Discover more from Identity Designed
Identity Designed #002
This edition’s headed by the classic “Tate by Tube” poster, designed by David Booth back in the late 80s. The paint tube shows the name (Pimlico) and map location of the Tate Gallery’s nearest station. Semi-related, here’s a brief history of the London Underground logo.
As always, many thanks for reading.
Latest from Identity Designed
September Café & Cake is a Saigon-based coffee shop established in 2019. The symbol is based on the interaction of two ovular windows from within the café premises, “as if two individuals are leaning on each other, supporting each other.”
Juicy Sonic Magic is a triple-cassette box-set for The National, in honour of Mike “the Mike” Millard’s handmade tape aesthetic, circa 1975–81. “We merged nostalgic halftone illustrations with contemporary typography — utilising Plaak and Apercu — to create a packaging system that feels both modern and rooted in history.”
Earthfoam is a sustainable sleep brand aiming to raise the standards of quality, comfort, durability, and transparency within a misunderstood category. “When we mixed the script logo within this system, and incorporated some Sinhala — the language primarily spoken by the Sinhalese people of Sri Lanka where the Earthfoam rubber is sourced — everything worked together in this almost illogical way.”
And a favourite from the archives, Tamarind of Mayfair was the first Indian restaurant in London to receive a Michelin star. A “floral” visual language was created, loosely inspired by the Holi festival and smoke from the tandoor. Dutchscot commissioned and art directed John Ross on the photography of the “powder flowers.”
Latest from Logo Design Love
ABVA is a digital archive of the Bulgarian visual arts. A self-funded project, the team behind ABVA “documents, stores, studies, and popularises examples of different visual arts from Bulgaria.” The collection of Bulgarian logos was particularly interesting, with some lovely examples of clean, minimal, distinctive symbols, and others with much more detail and character.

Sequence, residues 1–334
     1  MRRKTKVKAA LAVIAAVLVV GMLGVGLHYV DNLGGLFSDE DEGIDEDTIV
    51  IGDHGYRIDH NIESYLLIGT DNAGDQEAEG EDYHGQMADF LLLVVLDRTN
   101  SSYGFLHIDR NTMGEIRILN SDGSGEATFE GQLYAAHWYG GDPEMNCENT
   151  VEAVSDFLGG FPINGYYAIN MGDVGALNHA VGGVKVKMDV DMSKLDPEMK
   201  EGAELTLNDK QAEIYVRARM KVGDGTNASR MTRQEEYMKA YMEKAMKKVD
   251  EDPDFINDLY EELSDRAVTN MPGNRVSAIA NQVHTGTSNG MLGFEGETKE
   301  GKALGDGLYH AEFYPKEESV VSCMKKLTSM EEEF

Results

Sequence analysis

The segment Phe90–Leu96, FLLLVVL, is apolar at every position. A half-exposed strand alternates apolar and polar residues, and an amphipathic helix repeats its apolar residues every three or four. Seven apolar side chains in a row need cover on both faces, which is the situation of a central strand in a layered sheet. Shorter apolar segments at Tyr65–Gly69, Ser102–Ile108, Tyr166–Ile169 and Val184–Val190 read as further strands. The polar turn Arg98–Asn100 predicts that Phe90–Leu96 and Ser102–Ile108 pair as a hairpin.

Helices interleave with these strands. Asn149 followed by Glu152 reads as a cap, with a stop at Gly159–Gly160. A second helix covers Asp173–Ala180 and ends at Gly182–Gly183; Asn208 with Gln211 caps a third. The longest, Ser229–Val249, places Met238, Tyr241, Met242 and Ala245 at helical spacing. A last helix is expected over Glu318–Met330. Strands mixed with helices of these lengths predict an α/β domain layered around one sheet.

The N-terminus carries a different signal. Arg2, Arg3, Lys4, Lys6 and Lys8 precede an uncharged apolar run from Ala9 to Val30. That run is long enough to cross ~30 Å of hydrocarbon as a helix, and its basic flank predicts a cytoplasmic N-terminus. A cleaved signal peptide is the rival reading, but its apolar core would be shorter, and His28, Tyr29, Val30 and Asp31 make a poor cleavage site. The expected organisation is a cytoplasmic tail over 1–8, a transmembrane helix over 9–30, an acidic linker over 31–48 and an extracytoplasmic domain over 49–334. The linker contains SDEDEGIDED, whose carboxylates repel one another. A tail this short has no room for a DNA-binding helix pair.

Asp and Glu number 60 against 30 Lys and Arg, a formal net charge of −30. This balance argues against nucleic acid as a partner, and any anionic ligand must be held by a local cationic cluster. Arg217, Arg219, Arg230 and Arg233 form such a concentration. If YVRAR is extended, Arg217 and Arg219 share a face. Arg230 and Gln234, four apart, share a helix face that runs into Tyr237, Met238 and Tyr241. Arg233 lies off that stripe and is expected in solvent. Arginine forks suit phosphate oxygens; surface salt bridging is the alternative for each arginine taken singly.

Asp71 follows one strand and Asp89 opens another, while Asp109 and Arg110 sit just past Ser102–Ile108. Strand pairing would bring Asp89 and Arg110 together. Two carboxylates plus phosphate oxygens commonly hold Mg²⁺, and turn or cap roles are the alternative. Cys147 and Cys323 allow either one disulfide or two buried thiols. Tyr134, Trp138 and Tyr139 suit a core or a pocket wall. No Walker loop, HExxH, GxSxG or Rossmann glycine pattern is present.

An eye-catching logo for Helios Publishing House in Moscow, by Oksana Paley and Alice Retunsky, co-founders of Omsky. In Ancient Greek mythology, Helios is the god and personification of the sun. “Like a ray of light, books elucidate the light of knowledge. The symbol combines both images: the sun and an open book.”
And one from the archives, how Paul Rand presented work to clients. “Rand avoids what he calls ‘sound, music and lights presentations.’ Believing that ‘graphic designers are really silent salesmen,’ he thinks that trade marks should convince by their own impact and quality.”
Thought this was interesting
There’s a lot of tasty work in the Archivio Grafica Italiana.
With the seemingly incessant hype about artificial intelligence, James Corbett typed some insightful thoughts on the real dangers of the chatbot takeover.
A look back at the days when work uniforms were snappy, dapper, and tailored. By Steven Heller. Before my time. But smart, indeed.
Browsing the archives of The Academy of British Cover Design, thought it worth picking out a few excellent book covers on Twitter.
You can support my humble newsletter by recommending it to others, buying one of my books, or getting in touch to say hi (always a pleasure to hear from readers).
If you’re reading as a non-subscriber, sign-up for free and get new posts direct.